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Embedded Photos: 1.Bet Giyorgis2.Burial Cave3.Priest, Bet Giyorgis4.Entrance, Bet Giyorgis5.Lalibela6.Bet Gabriel-Rafael7.Labyrinth Pathways8.Bet Amanuel9.Pathway to Bet Abba Libanos10.Priest, Bet Abba Libanos
Two Years & Twice Around the World...  

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October 6. LALIBELA "A Labyrinth of Rock-hewn Churches" (continued) We rounded the back wall behind Bet Maryam and passed the Tomb of Adam. A long pathway led away from the cluster of nothern churches, back to the main road.  The map in our book was unclear so we had a hard time finding the path to the next church on our own.  The local people didn't act like they wanted to help us but one person finally pointed us in the right direction.  This church stood off on its own, apart from both the northern and eastern clusters.  A long pathway led away from the road and it was lined up with beggars, just one after another.  At the end of the pathway was a small bridge and from there we could see the cross-shaped roof of Bet Giyorgis.  There wasn't a metal roof over this church whichLalibela, EthiopiaLalibela, Ethiopia made its unique shape all the more impressive.   A group of teenager boys tried to stop us as we came up to the bridge.  "Where is your ticket?!", they demanded.  It was clear that they weren't the ticket collectors so we didn't stop.  As we kept walking they yelled at us "You are very bad people and you visit such a holy place!"  The ticket checker was a bit farther along and after showing him our ticket we turned back to this group of teenagers and pointed to the ticket checker.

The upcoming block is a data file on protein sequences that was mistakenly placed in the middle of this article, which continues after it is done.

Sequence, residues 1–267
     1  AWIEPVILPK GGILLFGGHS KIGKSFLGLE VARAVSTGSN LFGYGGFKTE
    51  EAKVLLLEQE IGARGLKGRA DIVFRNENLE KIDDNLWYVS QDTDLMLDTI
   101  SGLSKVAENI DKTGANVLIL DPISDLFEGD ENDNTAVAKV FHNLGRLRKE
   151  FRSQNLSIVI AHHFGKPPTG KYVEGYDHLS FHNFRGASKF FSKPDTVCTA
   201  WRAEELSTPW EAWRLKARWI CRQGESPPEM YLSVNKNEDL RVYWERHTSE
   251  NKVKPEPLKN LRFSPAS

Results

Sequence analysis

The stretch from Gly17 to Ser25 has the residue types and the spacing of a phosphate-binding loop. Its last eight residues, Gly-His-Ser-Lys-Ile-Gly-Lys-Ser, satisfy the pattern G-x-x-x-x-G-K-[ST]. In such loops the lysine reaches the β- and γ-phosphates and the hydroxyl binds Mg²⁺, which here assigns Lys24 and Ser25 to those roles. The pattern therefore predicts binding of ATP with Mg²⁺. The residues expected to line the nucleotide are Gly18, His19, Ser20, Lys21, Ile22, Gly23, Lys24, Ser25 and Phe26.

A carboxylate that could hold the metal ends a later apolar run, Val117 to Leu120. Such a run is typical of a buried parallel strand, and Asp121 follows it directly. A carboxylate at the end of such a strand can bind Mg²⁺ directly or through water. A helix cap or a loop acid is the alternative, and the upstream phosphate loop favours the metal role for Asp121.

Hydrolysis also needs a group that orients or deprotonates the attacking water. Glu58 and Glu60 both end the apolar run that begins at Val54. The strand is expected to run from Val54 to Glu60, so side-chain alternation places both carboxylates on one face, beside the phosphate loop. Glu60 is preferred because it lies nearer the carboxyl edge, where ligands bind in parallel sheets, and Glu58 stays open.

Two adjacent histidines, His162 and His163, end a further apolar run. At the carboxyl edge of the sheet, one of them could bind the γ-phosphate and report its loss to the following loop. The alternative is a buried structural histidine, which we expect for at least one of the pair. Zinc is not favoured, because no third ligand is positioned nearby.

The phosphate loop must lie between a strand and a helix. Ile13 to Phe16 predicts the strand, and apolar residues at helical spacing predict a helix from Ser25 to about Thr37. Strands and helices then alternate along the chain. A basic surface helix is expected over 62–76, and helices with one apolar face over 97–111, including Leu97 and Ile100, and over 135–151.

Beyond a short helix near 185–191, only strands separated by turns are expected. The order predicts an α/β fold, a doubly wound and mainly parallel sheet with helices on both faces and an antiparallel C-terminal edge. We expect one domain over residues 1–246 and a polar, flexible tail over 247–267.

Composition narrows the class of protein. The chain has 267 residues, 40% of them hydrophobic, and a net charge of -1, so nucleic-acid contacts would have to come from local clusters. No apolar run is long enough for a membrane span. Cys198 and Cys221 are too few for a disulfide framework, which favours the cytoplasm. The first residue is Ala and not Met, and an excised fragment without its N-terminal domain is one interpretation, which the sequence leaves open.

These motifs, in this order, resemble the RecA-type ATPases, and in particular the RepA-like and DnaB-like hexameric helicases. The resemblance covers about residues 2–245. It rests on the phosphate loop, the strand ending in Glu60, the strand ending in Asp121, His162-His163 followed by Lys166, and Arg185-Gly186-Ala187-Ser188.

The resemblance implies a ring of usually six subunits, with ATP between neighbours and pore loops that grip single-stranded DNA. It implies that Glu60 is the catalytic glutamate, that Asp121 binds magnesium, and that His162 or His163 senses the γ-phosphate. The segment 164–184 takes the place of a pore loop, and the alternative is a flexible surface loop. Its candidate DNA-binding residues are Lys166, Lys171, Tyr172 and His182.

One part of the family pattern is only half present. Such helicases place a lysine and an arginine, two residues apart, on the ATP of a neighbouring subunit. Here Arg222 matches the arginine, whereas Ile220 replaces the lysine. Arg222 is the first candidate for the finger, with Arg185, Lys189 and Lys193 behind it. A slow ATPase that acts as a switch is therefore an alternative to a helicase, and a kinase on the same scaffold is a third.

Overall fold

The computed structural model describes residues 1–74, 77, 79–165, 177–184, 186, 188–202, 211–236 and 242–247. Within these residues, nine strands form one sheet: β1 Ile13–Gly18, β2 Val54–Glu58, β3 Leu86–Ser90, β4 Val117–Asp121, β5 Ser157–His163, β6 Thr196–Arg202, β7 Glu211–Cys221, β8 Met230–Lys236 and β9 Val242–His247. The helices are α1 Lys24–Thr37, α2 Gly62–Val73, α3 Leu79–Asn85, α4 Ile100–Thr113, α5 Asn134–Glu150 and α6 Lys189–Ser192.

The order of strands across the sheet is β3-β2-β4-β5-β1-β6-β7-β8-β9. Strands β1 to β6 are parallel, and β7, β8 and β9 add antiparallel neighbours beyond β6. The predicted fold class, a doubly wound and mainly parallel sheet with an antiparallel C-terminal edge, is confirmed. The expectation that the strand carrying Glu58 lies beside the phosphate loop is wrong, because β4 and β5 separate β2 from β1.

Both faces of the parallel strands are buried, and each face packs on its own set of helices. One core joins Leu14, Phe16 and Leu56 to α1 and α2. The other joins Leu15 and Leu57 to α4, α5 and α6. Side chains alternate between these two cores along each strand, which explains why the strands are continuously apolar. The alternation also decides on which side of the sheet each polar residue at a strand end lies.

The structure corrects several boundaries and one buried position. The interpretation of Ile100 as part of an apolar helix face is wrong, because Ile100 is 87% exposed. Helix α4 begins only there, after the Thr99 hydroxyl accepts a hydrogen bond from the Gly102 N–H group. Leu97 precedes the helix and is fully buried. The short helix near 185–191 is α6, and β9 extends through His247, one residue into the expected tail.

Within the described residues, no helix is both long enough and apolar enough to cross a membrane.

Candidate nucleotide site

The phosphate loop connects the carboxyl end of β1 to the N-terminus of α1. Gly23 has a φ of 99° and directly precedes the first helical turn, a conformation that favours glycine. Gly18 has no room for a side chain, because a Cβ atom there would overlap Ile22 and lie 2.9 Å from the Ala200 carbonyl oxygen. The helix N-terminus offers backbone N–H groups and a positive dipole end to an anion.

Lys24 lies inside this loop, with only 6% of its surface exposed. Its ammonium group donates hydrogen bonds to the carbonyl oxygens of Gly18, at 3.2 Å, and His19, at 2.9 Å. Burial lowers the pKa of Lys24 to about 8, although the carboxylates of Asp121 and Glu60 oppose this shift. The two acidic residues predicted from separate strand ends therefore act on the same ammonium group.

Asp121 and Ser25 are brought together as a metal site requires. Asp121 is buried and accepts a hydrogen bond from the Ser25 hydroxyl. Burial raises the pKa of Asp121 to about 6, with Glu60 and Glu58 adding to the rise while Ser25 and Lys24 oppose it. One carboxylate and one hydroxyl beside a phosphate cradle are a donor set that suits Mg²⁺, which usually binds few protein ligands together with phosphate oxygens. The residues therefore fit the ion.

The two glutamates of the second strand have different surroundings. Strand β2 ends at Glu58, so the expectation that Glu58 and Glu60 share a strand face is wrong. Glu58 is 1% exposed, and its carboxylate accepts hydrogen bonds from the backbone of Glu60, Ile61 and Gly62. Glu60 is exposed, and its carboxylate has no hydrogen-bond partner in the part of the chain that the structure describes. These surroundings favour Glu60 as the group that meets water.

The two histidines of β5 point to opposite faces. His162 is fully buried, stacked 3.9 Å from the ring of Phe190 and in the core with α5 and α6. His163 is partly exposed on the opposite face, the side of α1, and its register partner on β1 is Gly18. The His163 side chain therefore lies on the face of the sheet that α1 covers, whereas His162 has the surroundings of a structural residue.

Bet Giyorgis supposedly represented the apex of rock-hewn churches.  The whole church was built out in a cross shape, like the shape of a Greek cross with all side the same length.  It is more recent but still included some Aksumite influences, like all of the rock-hewn churches in Lalibela.  Instead of a stairway, a long pathway swooped down the far side of the church.  Partway down we found the supposed hoof prints of St. George's horse, stamped into the wall.  According to legend, Ethiopia's patron saint paid King Lalibela a visit after he built all of his rock-hewn churches.  Apparently the saint wasn't pleased that none of the churches were dedicated to him so King Lalibela promised to build him the most beautiful church of all.  Inside, the church was carved out like all of the others but was very tall and narrow.  As soon as we walked inside the priest requested a 10birr "donation" (really a tip), which didn't seem optional.  We paid it but I asked him to step outside so I could photograph him in the natural light.  While I found it rude for people to visit religious places and not offer a donation, I didn't feel as obligated when I had already paid for a ticket up front.  Tipping people for their helpful attention is also appropriate but the situation at Lalibela seemed to be growing into quite a commercial undertaking.  It wasn't so much the amount, even though that was getting high by Ethiopian standards, but it was the way in which it was done.  It sort of demeaned the religious importance of the place in my mind.  Everything is culturally relative but our experience at the monasteries on Lake Tana had been different, which led me to believe that it was tourism that was changing these places.  It made me sad.